frank-lloyd-wrights-first-home-1889

Frank Lloyd Wright’s First Home, 1889


Frank Lloyd Wright is arguably one of the most famous and influential American architects ever known. Many of his structures and designs, though already several decades old, are still considered to be very modern. To no surprise, one of his first designs was his own home located at 951 Chicago Avenue in Oak Park, Illinois. Frank Lloyd Wright lived at this home for 20 years (1889 to 1909) with his first wife, Catherine Tobin and their six children.


Always Changing: Frank Lloyd Wright’s First Home

Built in 1889, Frank Lloyd Wright’s first home seemed to be under constant construction. Throughout the years, as he honed his craft, he would add, take away, and completely change nearly every aspect of the house.

When first built, the front room on the second floor of the house was his original drafting room. However, in 1898, Wright added a studio annex, which would serve as his studio for the next 10 years. The studio annex is an octagon shaped room that contained the reception area, the drafting room and a presentation library.

In 1895, prior to the studio annex, Wright added a polygonal-shaped bay onto the south side of the home. On the first floor of this bay was the dining room, which also contained a dining room table and chairs that were also designed by Wright. Unfortunately, the windows of the bay room would later be remodeled again when Frank Lloyd Wright would modify the south portion of the home as well, which blocked the natural flow of light into the bay room.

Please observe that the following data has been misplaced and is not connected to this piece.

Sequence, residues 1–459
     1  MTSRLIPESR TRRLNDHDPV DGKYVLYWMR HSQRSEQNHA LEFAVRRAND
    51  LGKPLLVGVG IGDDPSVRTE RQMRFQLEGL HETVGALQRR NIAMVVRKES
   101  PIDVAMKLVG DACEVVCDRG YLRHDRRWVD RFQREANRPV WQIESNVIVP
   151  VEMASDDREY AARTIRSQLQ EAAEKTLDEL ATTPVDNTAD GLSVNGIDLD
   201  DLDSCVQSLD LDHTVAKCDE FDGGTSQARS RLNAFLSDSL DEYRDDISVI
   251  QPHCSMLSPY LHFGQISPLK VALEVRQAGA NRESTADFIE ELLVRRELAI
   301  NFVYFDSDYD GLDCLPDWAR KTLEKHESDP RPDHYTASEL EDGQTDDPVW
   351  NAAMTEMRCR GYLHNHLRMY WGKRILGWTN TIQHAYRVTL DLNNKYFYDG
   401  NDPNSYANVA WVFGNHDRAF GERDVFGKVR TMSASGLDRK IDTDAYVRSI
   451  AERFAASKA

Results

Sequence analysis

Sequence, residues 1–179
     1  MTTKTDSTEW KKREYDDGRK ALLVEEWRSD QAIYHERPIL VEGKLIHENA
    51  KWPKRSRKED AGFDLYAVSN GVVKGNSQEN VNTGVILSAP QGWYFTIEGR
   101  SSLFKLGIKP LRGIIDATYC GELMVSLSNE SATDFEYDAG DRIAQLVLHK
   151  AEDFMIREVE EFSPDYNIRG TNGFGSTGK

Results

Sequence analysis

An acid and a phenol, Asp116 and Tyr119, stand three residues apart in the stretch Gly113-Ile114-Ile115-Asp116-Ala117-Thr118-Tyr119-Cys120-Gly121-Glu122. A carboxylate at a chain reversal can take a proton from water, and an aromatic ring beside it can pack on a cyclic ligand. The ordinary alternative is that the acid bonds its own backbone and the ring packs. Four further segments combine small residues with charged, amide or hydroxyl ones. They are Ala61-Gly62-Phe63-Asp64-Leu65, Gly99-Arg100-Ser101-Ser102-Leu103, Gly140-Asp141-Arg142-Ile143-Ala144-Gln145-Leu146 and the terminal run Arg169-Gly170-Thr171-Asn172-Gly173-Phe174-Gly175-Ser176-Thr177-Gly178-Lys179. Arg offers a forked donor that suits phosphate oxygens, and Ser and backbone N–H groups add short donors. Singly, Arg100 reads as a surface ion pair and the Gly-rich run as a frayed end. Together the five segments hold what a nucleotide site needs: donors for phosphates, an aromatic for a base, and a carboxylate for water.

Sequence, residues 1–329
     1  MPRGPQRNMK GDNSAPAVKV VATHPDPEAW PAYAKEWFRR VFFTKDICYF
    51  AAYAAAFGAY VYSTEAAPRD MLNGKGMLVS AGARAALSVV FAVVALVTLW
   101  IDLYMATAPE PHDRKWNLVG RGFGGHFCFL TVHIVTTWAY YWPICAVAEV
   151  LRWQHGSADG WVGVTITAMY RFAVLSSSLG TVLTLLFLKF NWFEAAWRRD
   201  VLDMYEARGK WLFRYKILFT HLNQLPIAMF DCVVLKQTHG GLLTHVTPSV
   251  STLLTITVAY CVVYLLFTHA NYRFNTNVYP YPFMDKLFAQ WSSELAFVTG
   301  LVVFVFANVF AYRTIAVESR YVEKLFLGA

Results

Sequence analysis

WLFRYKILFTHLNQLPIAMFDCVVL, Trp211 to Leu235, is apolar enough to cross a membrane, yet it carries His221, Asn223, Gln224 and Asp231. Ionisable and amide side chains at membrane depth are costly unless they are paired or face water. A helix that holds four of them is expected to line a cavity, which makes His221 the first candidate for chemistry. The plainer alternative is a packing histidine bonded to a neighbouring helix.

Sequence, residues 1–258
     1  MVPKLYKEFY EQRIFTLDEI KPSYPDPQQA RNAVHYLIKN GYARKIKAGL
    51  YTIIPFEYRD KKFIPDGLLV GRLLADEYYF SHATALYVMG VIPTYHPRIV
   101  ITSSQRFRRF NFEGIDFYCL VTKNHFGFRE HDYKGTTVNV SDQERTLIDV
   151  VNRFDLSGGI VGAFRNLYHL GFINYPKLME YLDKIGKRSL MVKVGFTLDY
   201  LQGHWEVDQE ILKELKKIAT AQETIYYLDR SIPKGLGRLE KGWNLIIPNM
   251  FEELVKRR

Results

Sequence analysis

As expected, remodeling of the Wright home doesn’t stop there. That same year, in 1895, Wright added a two story extension to the east side of the home. In the upstairs of this extension, his children would get their own playroom.

In 1911, two years after Wright had moved into a new home, he would remodel his first home yet again by moving the main entrance to the southern side of the home. This was done because the original portion of the home was converted into a rental unit and therefore the main residence would require a new entryway.

The Frank Lloyd Wright House Today: A Public Museum

Today, the home in which Wright lived during the first twenty years of his career has been restored to the way it was in 1909; Wright’s last year in the house. Restored by the Frank Lloyd Wright Preservation Trust, it is open daily from 10 a.m. to 5 p.m., (though it is closed on Thanksgiving, Christmas and New Year’s.) Visitors can gather more information about visiting the home as well as buy tickets online at the Frank Lloyd Wright Preservation Trust website.